Lindsay Bell Weixler, Douglas N. Harris, and Nathan Barrett investigated “teachers’ perceptions of how learning and work environments changed in New Orleans publicly funded schools after Hurricane Katrina.” Regarding the impact of school working conditions, the researchers wrote: “Policymakers and school leaders should create environments in which both students and teachers are set up for success, as teachers’ work environments directly affect the learning environments and experiences of students.”

‘Moonlight’ schooled Hollywood on race. Can it take on school discipline, too

Posted: 08 May 2017 09:00 PM PDT

Derek Black, professor of law, University of South Carolina, discusses the impact that the movie ‘Moonlight’ might have on school discipline disparities in the U.S. He writes, “When school discipline responds to students’ needs, it produces better behavior and academic achievement for all students – not just struggling students. Schools with the highest achievement are those that deal with misbehavior through means other than just suspension, expulsion and law enforcement.”

Here Are Interactive Highlights From the First Round of State ESSA Plans

Posted: 08 May 2017 09:00 PM PDT

Andrew Ujifusa links to Education Week’s interactive presentation of states’ ESSA plans in six key policy areas. “We highlight what states want to do with respect to goals, school ratings, academic indicators, school quality, the minimum ’n’-size for which subgroups of students at a school must be included in accountability calculations, and testing opt-outs.”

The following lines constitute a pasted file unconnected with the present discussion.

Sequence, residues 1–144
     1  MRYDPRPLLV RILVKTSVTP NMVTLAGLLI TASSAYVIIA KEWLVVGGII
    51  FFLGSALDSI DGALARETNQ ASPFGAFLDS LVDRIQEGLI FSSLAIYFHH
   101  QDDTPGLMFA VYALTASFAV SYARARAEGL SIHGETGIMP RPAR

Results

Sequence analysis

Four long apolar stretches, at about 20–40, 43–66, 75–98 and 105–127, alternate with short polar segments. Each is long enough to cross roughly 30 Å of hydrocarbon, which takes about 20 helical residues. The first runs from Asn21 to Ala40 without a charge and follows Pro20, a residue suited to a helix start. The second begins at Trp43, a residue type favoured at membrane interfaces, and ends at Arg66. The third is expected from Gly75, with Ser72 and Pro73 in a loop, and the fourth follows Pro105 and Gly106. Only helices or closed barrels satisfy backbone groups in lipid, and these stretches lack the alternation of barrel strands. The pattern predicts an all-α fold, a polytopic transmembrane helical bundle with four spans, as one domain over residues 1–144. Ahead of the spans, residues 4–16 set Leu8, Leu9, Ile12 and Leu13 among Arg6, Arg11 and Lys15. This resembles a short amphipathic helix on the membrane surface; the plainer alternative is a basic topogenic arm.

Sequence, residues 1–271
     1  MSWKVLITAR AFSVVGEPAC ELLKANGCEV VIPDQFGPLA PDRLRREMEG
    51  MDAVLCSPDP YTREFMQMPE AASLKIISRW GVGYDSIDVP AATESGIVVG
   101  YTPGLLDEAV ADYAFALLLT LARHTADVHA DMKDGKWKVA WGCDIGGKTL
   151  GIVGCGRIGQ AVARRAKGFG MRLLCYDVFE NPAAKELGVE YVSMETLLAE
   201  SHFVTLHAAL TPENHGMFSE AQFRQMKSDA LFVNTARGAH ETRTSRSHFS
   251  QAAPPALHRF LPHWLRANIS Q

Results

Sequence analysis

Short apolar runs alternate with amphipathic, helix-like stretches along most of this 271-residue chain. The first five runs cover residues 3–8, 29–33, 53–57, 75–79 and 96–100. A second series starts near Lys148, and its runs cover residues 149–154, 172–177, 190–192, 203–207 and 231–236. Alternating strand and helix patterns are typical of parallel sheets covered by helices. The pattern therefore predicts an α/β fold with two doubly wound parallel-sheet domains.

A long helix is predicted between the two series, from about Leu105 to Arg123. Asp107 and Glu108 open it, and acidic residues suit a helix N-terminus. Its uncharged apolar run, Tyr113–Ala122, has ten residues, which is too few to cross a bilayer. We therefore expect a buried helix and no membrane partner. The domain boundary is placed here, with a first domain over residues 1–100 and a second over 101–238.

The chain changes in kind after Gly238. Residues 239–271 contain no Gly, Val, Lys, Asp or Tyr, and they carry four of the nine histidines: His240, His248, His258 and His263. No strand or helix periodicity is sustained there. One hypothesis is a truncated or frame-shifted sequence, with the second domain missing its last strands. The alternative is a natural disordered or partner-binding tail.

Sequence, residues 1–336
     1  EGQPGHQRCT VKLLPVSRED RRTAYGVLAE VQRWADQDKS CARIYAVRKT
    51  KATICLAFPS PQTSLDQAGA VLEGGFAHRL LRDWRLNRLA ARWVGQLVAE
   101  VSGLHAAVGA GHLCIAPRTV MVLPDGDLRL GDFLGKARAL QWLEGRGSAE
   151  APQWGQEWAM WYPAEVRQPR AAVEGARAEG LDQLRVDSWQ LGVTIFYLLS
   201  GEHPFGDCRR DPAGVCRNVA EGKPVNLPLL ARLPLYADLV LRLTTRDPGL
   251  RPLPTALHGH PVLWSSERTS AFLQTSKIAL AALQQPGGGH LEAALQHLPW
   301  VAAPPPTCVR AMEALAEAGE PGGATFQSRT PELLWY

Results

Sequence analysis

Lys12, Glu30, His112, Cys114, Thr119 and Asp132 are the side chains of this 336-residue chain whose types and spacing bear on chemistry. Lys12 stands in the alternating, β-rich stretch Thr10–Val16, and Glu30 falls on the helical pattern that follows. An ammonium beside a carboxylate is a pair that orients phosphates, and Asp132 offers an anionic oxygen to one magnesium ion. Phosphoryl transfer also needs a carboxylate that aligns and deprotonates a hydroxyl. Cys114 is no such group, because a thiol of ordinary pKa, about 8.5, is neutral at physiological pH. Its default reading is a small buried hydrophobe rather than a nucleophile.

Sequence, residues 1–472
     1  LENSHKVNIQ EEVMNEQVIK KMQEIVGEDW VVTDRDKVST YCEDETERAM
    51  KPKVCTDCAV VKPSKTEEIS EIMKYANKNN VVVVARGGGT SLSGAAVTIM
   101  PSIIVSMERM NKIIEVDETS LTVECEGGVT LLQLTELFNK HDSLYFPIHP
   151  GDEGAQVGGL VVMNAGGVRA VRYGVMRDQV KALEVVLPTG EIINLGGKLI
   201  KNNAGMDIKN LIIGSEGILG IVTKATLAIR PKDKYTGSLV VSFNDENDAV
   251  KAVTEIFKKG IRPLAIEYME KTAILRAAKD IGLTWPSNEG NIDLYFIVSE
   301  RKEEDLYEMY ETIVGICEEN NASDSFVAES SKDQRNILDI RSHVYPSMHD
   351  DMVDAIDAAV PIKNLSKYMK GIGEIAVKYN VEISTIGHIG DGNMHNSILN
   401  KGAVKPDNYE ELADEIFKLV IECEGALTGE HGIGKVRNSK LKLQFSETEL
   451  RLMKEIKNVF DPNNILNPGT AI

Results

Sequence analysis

May 11, 2017

Understanding “Cream-Skimming” In NYC Charters Will Require Better Data, Review Finds

Note this important report…

May 9, 2017

Contact:
Sarah A. Cordes, (215) 204-6332, sarah.cordes@temple.edu
Daniel J. Quinn, (517) 203-2940, dquinn@greatlakescenter.org

Understanding “cream-skimming” in NYC charters will require better data, review finds

EAST LANSING, Mich. (May 9, 2017) — In March, the Manhattan Institute released a report that explored the extent to which charter schools’ success could be attributed to “cream-skimming” from struggling public schools in New York. The report claimed that NYC’s charter schools performed better than selective non-charter public schools. An academic review of the report released today finds that the report is of limited use for policy and practice.

Sarah A. Cordes, Temple University, reviewed the report, New York Charter Schools Outperform Traditional Selective Public Schools: More Evidence that Cream-skimming is Not Driving Charters’ Success, for the Think Twice think thank review project. Think Twice, a project of the National Education Policy Center, is funded by the Great Lakes Center for Education Research and Practice.